I wouldn't use the word isolationist. That would be inaccurate. Sending the U.S. Navy to trouble spots like the South China Sea is far from it.
The positioning of American armed forces is a much better indicator of a president's isolationism than are words coming out of pundits mouths, because the president is the commander-in-chief.
Isolationism is not about international trade policy, but isolating the country in other international relations, especially the political affairs of other countries. When Trump comments about Brexit or the Russian conflict with Ukraine, it is pretty clear he isn't an isolationist.
Trump's foreign trade policy hasn't really been isolationism, but an unwillingness to engage in certain relationships he feels are to the disadvantage of the country. Trade sanctions are distinct from isolationism.
If you look the word up in a dictionary, you will generally find it's properly used in the plural. Consider this typical definition (from Bing):
isolationists (plural noun)
a person favoring a policy of remaining apart from the affairs or interests of other groups, especially the political affairs of other countries.
Example (from the Oxford English Dictionary):
Those who would have us involved in a perpetual war of intervention invariably call those who are unenthusiastic "isolationists."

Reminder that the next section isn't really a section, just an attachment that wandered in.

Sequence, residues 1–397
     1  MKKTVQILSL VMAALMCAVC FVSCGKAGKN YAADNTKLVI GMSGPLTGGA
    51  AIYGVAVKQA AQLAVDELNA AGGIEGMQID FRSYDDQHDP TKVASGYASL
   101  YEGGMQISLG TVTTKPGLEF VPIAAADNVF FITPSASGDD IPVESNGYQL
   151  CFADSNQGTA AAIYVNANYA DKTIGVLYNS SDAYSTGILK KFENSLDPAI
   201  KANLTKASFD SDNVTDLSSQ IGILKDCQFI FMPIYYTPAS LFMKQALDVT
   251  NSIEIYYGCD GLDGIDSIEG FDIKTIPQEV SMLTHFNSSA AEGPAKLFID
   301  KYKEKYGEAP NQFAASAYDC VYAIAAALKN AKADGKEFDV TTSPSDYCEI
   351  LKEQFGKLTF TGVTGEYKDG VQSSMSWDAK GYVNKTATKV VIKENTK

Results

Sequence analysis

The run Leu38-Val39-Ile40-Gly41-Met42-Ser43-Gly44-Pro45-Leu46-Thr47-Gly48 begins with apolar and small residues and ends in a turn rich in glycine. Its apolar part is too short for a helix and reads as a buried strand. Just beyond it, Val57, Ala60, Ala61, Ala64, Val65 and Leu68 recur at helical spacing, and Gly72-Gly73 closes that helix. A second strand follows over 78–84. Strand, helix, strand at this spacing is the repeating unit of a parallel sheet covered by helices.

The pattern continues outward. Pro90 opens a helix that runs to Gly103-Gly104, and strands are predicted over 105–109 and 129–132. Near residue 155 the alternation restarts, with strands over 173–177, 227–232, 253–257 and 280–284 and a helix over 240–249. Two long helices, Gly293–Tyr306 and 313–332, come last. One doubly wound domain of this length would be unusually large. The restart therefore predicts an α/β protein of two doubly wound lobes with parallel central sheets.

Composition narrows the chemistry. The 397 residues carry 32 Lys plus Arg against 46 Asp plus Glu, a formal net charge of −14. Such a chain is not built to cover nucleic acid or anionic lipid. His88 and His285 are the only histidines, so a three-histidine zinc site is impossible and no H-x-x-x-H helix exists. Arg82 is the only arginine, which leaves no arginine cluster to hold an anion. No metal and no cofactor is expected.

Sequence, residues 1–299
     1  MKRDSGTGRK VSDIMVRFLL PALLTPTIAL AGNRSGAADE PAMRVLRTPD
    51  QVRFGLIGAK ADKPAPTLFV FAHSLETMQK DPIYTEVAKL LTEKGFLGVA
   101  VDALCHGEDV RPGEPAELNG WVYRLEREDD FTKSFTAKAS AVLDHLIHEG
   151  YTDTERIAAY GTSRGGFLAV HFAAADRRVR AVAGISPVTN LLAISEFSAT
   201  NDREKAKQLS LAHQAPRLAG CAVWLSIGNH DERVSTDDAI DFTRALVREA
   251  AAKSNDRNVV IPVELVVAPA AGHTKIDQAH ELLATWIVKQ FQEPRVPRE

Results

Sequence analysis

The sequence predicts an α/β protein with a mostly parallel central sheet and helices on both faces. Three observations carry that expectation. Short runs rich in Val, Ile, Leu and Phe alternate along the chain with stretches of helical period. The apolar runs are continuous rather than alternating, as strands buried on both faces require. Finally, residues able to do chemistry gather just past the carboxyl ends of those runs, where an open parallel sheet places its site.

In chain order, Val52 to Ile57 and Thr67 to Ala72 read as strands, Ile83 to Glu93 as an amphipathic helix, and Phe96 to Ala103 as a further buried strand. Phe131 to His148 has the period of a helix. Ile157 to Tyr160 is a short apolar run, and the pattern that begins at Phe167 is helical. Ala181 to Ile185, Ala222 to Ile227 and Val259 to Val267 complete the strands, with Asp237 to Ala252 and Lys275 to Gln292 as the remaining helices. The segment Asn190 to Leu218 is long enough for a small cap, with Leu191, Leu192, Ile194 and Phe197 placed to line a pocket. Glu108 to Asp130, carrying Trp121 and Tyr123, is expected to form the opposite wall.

This above example show how labels like isolationist are typically misused in political context. Isolationism refers to a characteristic of polices, not people. A president can make some policy decisions which lean toward isolationism while simultaneously supporting other polices of interventionism.
To argue Trump is an isolationist is to invoke the informal fallacy of false dilemma. Such an argument has no place in reasoned thought.
George Washington, in his farewell address, famously advised against "foreign entanglements". While that aspect of Washington's address might be leaning toward isolationism, that doesn't necessarily make him a good example of being an isolationist, as he was also defending free trade and suggesting the federal government should be limited to defending the rights of American merchants.